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Derivatives: Find Q and its tangent

  1. Oct 18, 2015 #1
    1. The problem statement, all variables and given/known data
    Disclaimer: English is not my first language, so i apologize for any wrong math-terms.

    We look at the function f(x) = x^3. On the graph for f we have a point, P(a,a^3), where a =/= 0. The tangent to f through P cuts through f in another point, Q. Find Q and show, that the tangent to f through Q has a slope which is 4 times as steep as the tangent to f through P.

    2. Relevant equations


    3. The attempt at a solution

    Tangent through P cuts the function f in Q, which means in Q tangentP=x^3.

    3a^2(x-a)+a^3=x^3 <=>
    3a^2=(x^3-a^3)/(x-a) <=>
    3a^2=x^2-a^2 <=>
    4a^2=x^2
    2a=x

    Which means Q is located in (2a,(2a)^3)<=> Q(2a,8a^3)

    But this means that the tangent through Q has a slope which is twice as steep as it should be, since:

    tangentQ=8a^3+24a^2(x-a)

    I am not sure how i should solve this problem, and i hope you are able to understand my sloppy english/and math.
     
  2. jcsd
  3. Oct 18, 2015 #2

    vela

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    Looks fine up to here. However, you apparently think ##\frac{x^3-a^3}{x-a} = x^2-a^2##. Try it with x=2 and a=1, for instance. You get 7 = 3. That doesn't work, does it?

     
  4. Oct 18, 2015 #3

    BvU

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    Hello Zebo, welcome to PF :smile: !

    Your english is excellent, no problem reading and understanding at all. Now for the math :
    If I make a sketch of f(x) = x^3 and draw a tangent at x=1 (so your a = 1), then I see that that tangent intersects the curve of f(x) at a negative value of x, and not at x= 2. Conclusion: there must be something wrong with your solving ##3a^2 (x-a)+a^3 =x^3##. Do you agree ?

    [edit]vela was faster but (fortunately :rolleyes:)the replies match
     
  5. Oct 18, 2015 #4
    Thank you for the fast response. Oh yeah i see, im sorry about that i am snotty and heavy-headed.

    My biggest problem right now is i have no clue which direction i need to take to solve this. I want to find Q, without using any calculators, and the chapter which this problem is a part of does not explain anything resembling this. Am i on the right path or is there a much simpler way?

    Btw thanks again for the fast responses and thank you for welcoming me to the forum :)
     
  6. Oct 18, 2015 #5

    BvU

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    Well, that is nice of you. So I'll throw in a hint: there is some information in the problem statement that you haven't used yet and that will give you a clue what the solution of this cubic equation might be .. :wink:
     
  7. Oct 18, 2015 #6

    vela

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    You've taken a reasonable approach to the problem. You just need to get the algebra right.

    As far as calculators go, we're not saying you need to use a calculator to solve the problem, but when you make mistakes, using a calculator to check and test your work is a good way to figure out where you went wrong. Also, looking at a specific example like a=1, can furnish you with insights on how to solve the general case. Solving a simpler but related problem can help you eventually solve the more general problem.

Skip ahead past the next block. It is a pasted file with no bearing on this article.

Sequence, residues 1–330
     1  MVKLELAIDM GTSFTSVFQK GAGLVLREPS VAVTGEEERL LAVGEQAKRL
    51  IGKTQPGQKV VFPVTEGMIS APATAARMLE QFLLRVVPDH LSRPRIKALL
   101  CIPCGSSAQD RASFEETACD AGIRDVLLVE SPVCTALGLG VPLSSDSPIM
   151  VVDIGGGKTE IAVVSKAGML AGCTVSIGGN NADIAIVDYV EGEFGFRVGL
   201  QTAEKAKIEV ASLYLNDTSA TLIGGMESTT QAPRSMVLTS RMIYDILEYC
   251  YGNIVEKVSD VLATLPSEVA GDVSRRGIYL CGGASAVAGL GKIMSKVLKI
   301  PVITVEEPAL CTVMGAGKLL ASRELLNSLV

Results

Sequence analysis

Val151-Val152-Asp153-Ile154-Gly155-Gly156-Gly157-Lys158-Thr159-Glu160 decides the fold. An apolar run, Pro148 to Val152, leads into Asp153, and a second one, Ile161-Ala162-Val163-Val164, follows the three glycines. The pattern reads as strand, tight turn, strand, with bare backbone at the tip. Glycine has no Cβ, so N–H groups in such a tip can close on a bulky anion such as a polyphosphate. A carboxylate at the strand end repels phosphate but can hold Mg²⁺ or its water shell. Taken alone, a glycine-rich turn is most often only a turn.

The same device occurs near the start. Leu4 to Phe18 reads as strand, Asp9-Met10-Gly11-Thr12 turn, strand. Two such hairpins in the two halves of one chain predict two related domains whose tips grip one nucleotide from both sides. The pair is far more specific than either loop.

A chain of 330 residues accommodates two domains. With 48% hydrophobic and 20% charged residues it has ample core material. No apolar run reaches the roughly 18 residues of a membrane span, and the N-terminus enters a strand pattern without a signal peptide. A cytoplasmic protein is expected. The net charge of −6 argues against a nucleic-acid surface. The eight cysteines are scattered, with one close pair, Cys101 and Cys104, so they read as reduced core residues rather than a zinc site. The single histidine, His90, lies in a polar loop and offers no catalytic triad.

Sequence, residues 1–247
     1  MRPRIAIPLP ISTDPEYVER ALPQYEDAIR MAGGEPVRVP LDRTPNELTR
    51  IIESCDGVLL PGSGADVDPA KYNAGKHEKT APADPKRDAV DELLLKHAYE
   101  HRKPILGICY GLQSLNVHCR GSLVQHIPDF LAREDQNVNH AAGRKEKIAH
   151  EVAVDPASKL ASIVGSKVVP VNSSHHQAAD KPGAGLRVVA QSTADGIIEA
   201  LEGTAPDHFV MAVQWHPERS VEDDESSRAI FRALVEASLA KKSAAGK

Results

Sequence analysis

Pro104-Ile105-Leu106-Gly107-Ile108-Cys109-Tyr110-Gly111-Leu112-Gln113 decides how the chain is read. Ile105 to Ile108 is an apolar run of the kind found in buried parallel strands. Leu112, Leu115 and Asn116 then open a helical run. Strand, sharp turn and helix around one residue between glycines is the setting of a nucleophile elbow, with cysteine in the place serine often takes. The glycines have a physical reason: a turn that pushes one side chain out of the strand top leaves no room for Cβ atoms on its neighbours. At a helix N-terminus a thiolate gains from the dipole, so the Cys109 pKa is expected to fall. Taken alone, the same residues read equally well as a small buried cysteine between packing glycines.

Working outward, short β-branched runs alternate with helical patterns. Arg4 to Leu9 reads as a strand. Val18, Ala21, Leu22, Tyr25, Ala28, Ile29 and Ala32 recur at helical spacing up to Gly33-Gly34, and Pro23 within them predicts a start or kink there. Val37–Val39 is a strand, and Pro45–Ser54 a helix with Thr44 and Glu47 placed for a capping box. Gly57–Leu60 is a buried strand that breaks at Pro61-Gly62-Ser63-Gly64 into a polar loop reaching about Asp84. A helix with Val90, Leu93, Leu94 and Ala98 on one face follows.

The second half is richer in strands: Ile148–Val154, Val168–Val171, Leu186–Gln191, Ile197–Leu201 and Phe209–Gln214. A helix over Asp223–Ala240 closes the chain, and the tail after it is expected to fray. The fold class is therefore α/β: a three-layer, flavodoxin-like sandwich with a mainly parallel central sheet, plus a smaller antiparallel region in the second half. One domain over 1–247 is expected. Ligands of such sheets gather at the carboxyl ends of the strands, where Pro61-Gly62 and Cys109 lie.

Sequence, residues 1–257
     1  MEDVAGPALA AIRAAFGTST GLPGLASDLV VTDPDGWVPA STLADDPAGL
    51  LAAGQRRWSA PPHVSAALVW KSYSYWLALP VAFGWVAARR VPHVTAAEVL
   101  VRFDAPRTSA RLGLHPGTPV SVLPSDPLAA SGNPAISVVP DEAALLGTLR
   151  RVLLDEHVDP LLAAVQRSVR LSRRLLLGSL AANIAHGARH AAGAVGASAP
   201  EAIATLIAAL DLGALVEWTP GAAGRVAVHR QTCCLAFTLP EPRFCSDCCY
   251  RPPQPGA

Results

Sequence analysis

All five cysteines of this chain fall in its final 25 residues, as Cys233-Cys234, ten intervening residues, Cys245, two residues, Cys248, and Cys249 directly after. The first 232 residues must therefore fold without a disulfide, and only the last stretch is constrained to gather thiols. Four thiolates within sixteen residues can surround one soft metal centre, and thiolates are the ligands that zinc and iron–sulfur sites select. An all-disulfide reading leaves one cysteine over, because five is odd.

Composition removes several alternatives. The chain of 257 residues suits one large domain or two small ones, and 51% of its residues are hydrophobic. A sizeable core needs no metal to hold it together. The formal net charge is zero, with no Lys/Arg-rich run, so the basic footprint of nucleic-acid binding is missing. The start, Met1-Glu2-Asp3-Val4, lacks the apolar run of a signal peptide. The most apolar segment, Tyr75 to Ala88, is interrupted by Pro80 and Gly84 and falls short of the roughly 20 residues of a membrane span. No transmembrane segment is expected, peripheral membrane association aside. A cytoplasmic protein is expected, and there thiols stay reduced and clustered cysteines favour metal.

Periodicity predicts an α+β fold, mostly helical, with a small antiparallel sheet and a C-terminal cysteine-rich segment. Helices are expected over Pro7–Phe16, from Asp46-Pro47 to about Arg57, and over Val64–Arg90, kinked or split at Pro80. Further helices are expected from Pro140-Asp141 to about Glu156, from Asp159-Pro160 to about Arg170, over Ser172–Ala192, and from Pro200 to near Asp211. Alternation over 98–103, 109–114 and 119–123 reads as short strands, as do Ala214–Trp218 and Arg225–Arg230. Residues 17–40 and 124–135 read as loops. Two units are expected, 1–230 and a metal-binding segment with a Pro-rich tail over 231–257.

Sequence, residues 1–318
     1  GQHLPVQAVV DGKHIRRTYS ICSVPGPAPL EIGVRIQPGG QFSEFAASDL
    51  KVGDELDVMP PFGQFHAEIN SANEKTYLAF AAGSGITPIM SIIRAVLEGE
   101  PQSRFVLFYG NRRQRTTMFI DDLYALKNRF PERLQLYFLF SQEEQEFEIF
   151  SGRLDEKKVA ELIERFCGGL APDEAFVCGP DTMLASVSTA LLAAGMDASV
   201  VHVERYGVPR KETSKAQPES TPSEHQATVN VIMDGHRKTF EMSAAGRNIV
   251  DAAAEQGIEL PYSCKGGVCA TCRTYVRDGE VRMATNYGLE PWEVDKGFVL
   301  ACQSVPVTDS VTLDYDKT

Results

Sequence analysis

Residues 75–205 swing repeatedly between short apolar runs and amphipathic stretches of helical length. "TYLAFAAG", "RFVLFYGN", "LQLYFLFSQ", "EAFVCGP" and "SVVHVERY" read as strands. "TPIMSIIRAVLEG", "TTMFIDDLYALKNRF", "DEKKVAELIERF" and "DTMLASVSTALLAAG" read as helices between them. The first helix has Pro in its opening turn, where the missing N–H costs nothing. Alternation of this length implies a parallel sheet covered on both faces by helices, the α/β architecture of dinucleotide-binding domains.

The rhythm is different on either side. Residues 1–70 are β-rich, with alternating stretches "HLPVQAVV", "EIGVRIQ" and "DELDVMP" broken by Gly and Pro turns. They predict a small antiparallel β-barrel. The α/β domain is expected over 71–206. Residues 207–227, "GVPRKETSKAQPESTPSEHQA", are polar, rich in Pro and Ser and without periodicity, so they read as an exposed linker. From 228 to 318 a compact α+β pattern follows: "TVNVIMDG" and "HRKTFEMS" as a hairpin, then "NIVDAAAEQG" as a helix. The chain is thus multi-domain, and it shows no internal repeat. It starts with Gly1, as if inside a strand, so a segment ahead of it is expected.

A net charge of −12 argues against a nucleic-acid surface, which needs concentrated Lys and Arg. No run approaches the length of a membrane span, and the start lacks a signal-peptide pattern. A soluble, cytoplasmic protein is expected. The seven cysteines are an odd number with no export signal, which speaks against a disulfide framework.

8. Oct 18, 2015 #7
    I've tried again:

    3a^2=(x^3-a^3)/(x-a) <=> 3a^2 = x^2+a^2+ax <=> x^2-ax-2a^2 = 0

    d = b^2 -4ac <=> d=9a^2

    x = (a+3a)/2a v (a-3a)/2a <=> x = 2 v x = -1

    So one of the x is where P is and the other is where Q is ? or have i gone down a wrong path?

    I apologize if i am fumbling about with this, it is pretty late where i live

    edit: If Q is to be found in (2,f(2)) the tangent would have a slope 4 times as steep as the tangent in P, and then P would be found in (-1,f(-1))?
     
    Last edited: Oct 18, 2015
  9. Oct 18, 2015 #8

    vela

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    You made a sign error somewhere. You should end up with ##x = \frac{-a \pm |3a|}{2}.## The ##a## that appears in the bottom of the quadratic formula is not the same as the ##a## you're using.

    Remember how you defined your variables. You have ##x## as the x-coordinate of Q while ##a## is the x-coordinate of P.
     
  10. Oct 19, 2015 #9
    Thanks!

    So as of now i have the following solution:

    f(x) = x^3, P(a,a^3), a=/=0, f'(x)=3x^2

    TangentP = a^3+3a^2(x-a)

    In the point Q, TangentP = f(x)

    a^3+3a^2(x-a) = x^3 <=> x^2+ax-2a^2 = 0

    x = a v x = -2a

    The tangent equals f(x) in P and Q, and P is located at (a,a^3). This means Q must be located at x = -2a

    Q is located at (-2a,(-2a)^3) = Q(-2a,-8a^3)

    The tangent in Q is the following:

    TangentQ = -8a^3 + 3(-2a)^2(x-a) = -8a^3 + 12a^2(x-a)

    The slope of tangentP was 3 and the slope of tangentQ is 12.

    I conclude that Q is located at (-2a,-8a^3). The tangent to the point Q on f(x) has a slope that is 12/3 = 4 times as steep as the slope of tangentP.
     
  11. Oct 19, 2015 #10

    BvU

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    Yes. The 4 is mentioned in the problem statement, so in fact you can get by just solving 3x^2 = 4 * 3 a^2 .

    Old dutch saying: laziness makes inventive....
     
  12. Oct 19, 2015 #11
    Im not sure my math professor would approve, i did something similar before and he did not like it.
     
  13. Oct 19, 2015 #12

    BvU

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    Sure, but once you know the answer is x = -2a you can check that it also satisfies the cubic equation :smile: (the other two solutions are x = a) and you don't have to tell explicitly how you found these factors...

    from the picture it's evident
     
  14. Oct 19, 2015 #13
    Thank you BvU and vela for your help :)
     
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